“Please Release Me, Let Me Go!”
Previously, our office blogged about what an ETJ is. To recap, the extraterritorial jurisdiction (ETJ) is the legal authority that a city holds to regulate and make decisions in areas that are outside of its formal city limits, but still within a designated surrounding boundary. The ETJ allows a city to plan for future growth and development in areas adjacent to its boundaries.
However, what happens when a landowner wants to be released from a city’s ETJ? In Texas, without the requirement of an election, being released from the ETJ involves a formal process found in the Texas Local Government Code, Chapter 42, Subchapter D as newly added by Senate Bill 2038 from the 88th Regular Legislative Session. Some landowners might seek release from the ETJ because they dislike being regulated by a city when they cannot vote in city elections and have no say in the regulations. However, following release from the city’s ETJ, the area will revert to county jurisdiction, and be subject to county regulations.
Petition for Release: A petition is required to initiate the process of release from the ETJ. The petition must be submitted to the City and may be submitted by a resident or landowner in the area to be released. The petition must be signed by more than one-half of the registered voters in the area to be released, or by a majority of the title owners of land in the area. That majority must be a majority in value as indicated by the appraisal rolls of the county. A petition for an area with only one owner would contain only one person’s signature. The petitioners have 180 days to gather the appropriate number of signatures and file the petition.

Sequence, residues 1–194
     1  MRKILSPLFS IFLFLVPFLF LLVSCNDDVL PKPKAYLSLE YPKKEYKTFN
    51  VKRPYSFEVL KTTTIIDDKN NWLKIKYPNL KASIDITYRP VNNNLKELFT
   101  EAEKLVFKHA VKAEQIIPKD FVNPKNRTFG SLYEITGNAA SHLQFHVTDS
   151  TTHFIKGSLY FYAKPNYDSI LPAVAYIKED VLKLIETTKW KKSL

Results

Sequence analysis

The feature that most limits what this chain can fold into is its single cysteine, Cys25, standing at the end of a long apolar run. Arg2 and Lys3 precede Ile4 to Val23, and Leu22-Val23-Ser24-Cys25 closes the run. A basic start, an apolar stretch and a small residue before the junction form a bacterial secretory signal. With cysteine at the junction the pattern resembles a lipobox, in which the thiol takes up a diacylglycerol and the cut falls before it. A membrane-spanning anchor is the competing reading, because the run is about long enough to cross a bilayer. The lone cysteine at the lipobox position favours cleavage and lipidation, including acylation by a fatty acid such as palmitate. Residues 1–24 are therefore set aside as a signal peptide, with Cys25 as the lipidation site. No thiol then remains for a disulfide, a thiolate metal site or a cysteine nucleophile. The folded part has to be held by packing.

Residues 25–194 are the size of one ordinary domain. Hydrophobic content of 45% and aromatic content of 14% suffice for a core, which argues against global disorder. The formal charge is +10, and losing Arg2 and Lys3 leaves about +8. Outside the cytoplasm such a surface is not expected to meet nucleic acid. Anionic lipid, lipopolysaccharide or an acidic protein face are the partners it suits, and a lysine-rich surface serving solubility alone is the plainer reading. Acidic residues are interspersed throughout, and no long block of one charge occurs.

Map and Legal Description Required: The petition must include a map of the area to be released from the ETJ, and it must describe the boundaries of the land to be released by metes and bounds or lot and block, if there is a recorded map or plat.
Verify the Signatures: The city secretary is responsible for verifying the signatures on the petition received by the city, pursuant to Chapter 277 of the Election Code. Each signature must include the signer’s printed name, date of birth or voter registration number, residence address and date of signing. Only the signature itself must be in the signer’s own handwriting. After the city secretary’s review and verification of the signatures, the city must notify the petitioner as to the sufficiency of the petition no later than the fifth regular business day after its receipt of the petition.
Review the Petition: The city’s review of the petition should ensure it complies with all the requirements of Chapter 42, Subchapter D. The requirement to notify the petitioners regarding the sufficiency of petition may be met by notifying the person who submitted the petition.
To Release or Not to Release: If the petition satisfies all the previous requirements, the city has no choice but to release the area from the ETJ. 42.105(c) requires the city to “immediately release” the area from the ETJ. The city must take action to release the area, and if it does not do so by the later of a) the 45th day after receipt of the petition or b) the next city council meeting that occurs after 30 days after the city’s receipt of the petition, then the area is automatically released by operation of law. Best practice would be to release the area by ordinance so that the city has a historical record and can revise its maps.
Some cities are developing their own documents regarding release from the ETJ, combining the provisions of Chapter 42 of the Local Government Code and Chapter 277 of the Election Code. It is advisable for a landowner to contact the city’s planning or zoning department to discuss the release process and gather information on the specific requirements and procedures.
Please do not rely on this article as legal advice. We can tell you what the law is, but until we know the facts of your given situation, we cannot provide legal guidance. This website is for informational purposes and not for the purposes of providing legal advice.